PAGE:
First, I show that conversion in SMG is a very productive process within a limited domain, (i.e. compound formations with bound stems) and analysed all the formal and semantic properties of the conversion pairs. I provide arguments in favour of the view that conversion is a systematic paradigmatic relation between two lexical items and this relationship is the locus of interpretation of the form-meaning asymmetry. This paradigmatic relation accounts not only for the change in the category and the semantic properties of the formations, but also for the inflectional properties of the output verb.

Second, it is shown that the conversion process in SMG does not lead to an output from the default inflectional class. Under this view, SMG does not validate the hypothesis that converted verbs are associated with the default conjugation class of the verbal system. I argue that conversion is associated with inflectional properties that systematically characterize this class of formations. Converted verbs in SMG do not belong to a uniform inflectional class, but rather their inflectional pattern is a synthesis of two different patterns which are not very productive in general. The inflectional properties of the output can be considered as the only mark of the conversion process.

In Chapter 4, I discuss the appearance of verbal doublets in Griko, that is, verbs which show parallel forms with and without the verbalizer -idz(o). Although this morpheme originally only formed verbs out of nominal bases, it seems that it has started to acquire a new status. I argue that the attachment of this element to the base marks the transition from IC2 to IC1. In this respect the marker -idz(o) can be seen as an element which gradually becomes more functional and is added onto the structure as a formally explicit indicator of the inflectional class (inflectional class marker).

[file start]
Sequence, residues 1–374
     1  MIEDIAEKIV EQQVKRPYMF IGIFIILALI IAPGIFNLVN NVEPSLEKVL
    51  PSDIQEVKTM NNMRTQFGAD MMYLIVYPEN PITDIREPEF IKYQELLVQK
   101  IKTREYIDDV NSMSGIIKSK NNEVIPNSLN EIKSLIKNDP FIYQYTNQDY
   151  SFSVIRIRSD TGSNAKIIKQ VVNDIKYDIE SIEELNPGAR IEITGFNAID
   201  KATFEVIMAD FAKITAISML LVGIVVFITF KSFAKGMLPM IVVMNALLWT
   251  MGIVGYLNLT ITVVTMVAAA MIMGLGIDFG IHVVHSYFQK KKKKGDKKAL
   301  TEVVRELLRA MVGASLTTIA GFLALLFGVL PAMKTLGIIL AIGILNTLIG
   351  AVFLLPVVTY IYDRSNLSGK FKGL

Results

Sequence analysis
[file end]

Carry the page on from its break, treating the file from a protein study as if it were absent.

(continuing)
This can have important theoretical implications as it suggests that some derivational elements can acquire inflectional properties. I do not claim that derivational elements can acquire morphosyntactic inflectional properties, but rather that they can acquire a morphomic status. Thus, a possible developmental path in the grammaticalization theory could suggest that derivational elements may become morphomes. It should also be emphasized that -idz(o) is still used as a genuine verbalizer in the system, which means that there are two different structural patterns according to which -idz(o) may form verbs out of nouns or change the inflectional class of a base which is already a verb. This functional change of the marker -idz(o) was represented as the creation of a new pattern at the word level.

I take a position in favour of the view that grammaticalization can be seen as the emergence of new patterns, i.e. constructionalization, and the creation of the new -idz(o) pattern as a constructional change. This solves the problem of how best to account for both the derivational and the inflectional pattern of -idz(o) and shows the interaction of the two processes by means of hierarchically ordered schemas.